An order of merit is a visible honour awarded by the sovereign or government, often to recognise distinguished service. Some have their origins in the chivalric orders of the middle ages, others are more modern. The distinction between orders and decorations(medals) is somewhat vague, except that most historic orders imply a membership in a group. In the case of most European orders, membership was also limited in number. Decorations have no such limitations (with the exception of the UK Victoria Cross which is only made from metal melted from captured cannon from the Crimean War).
Some UK Orders that you might see on coats of arms are:
Top, Left-Right: Order of the Garter, Order of the Thistle, Order of St Patrick, Order of the Bath.
Northern Ireland coat of arms designs).
The coats of arms for ladies often differ from men. For example as females did not normally fight in battles in the old days (although there are historical exceptions such as Joan of Arc and others) they do not have a helmet and crest or the mantling that all accompany it:
- The shield is normally a lozenge shape, rather than the heater shield used by males, as this was a shield that was used in combat. Unless she is granted arms in her own right, a spinster uses her father's arms. A married woman however uses the arms of her husband but impaled with her father's (or her own if she has one):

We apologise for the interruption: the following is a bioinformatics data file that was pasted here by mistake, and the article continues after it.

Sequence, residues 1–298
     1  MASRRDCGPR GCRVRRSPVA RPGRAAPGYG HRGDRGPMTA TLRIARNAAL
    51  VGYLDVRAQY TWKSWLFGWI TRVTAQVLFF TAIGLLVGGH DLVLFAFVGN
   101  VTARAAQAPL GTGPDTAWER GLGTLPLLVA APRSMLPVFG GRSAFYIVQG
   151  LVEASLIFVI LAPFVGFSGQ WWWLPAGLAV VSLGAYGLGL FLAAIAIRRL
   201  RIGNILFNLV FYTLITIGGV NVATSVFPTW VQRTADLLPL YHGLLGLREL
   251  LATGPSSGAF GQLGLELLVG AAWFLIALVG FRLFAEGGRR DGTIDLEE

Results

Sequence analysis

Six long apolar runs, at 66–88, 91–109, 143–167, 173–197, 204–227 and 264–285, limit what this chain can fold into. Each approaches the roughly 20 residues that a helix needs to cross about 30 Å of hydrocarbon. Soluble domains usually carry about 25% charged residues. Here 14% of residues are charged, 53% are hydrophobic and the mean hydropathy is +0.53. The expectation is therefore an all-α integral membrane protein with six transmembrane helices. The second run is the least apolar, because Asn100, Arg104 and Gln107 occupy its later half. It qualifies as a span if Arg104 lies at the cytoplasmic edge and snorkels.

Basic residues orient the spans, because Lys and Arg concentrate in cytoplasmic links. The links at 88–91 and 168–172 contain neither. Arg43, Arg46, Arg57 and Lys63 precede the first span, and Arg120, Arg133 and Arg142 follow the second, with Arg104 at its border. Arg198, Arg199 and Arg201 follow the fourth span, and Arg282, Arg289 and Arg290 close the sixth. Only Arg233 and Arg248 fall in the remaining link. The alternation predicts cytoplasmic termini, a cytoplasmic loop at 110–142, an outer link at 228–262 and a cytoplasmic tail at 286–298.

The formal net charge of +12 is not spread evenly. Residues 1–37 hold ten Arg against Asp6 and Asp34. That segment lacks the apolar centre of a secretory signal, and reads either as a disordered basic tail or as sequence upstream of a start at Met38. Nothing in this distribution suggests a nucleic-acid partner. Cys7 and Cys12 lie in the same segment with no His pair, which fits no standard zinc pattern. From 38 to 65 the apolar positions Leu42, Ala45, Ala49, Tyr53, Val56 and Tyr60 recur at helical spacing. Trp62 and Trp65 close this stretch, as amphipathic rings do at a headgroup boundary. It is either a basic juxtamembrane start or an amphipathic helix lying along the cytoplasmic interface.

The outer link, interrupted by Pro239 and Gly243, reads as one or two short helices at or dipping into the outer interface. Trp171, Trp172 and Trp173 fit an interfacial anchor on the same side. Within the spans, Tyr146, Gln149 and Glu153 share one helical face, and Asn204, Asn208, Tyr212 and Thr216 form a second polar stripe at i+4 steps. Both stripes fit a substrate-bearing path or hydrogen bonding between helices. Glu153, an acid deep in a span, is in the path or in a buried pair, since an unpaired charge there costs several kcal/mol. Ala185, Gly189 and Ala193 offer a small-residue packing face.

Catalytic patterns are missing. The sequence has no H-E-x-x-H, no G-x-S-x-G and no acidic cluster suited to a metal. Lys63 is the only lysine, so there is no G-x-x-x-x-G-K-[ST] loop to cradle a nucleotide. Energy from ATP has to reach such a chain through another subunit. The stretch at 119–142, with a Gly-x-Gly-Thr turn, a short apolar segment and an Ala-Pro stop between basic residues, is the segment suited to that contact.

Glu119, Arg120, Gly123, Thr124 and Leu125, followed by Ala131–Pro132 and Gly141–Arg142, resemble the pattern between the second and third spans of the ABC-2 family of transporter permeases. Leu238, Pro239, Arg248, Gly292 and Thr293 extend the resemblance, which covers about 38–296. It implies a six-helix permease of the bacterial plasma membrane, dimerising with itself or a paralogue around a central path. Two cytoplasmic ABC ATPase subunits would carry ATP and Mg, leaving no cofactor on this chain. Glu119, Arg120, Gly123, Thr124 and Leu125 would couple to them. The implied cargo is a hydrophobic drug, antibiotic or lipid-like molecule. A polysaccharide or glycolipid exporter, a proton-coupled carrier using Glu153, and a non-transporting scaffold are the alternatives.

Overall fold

If the lady is unfortunate enough to become a widow she may keep her husbands arms, however it must now be displayed on a Lozenge shield. The same is true of a divorced lady who keeps her married name, however it must be marked to show the marriage is now non existent:
Because Clergy were also not supposed to fight in battles they too have different coats of arms.
In the Anglican Church Bishops are often granted arms:
Instead of a helmet, a bishop's coat of arms has a Mitre, the traditional headdress of Bishops.
A crozier, a shepherd's staff, is carried by a bishop, and two of them may be placed crossed behind a bishop's shield, but they are frequently omitted.
A Bishop's shield differs little from that of an ordinary coat of arms, however an archbishop will impale his personal arms with that of his diocese.
The arms used by Roman Catholic clergy also differ:
The ecclesiastical hat has been used by Catholic clergymen since the middle ages. The colour and number of tassels on the hat depend on the rank or position of that individual. A priest will only have one tassel on each side, however a bishop has six on each side. Although the hat became a part of coats of arms in the middle ages, the tassel system didn't become official until the 1700s. Mitres were also used however this practice ceased in 1969. However older arms might still have them, and are still displayed in the arms of dioceses .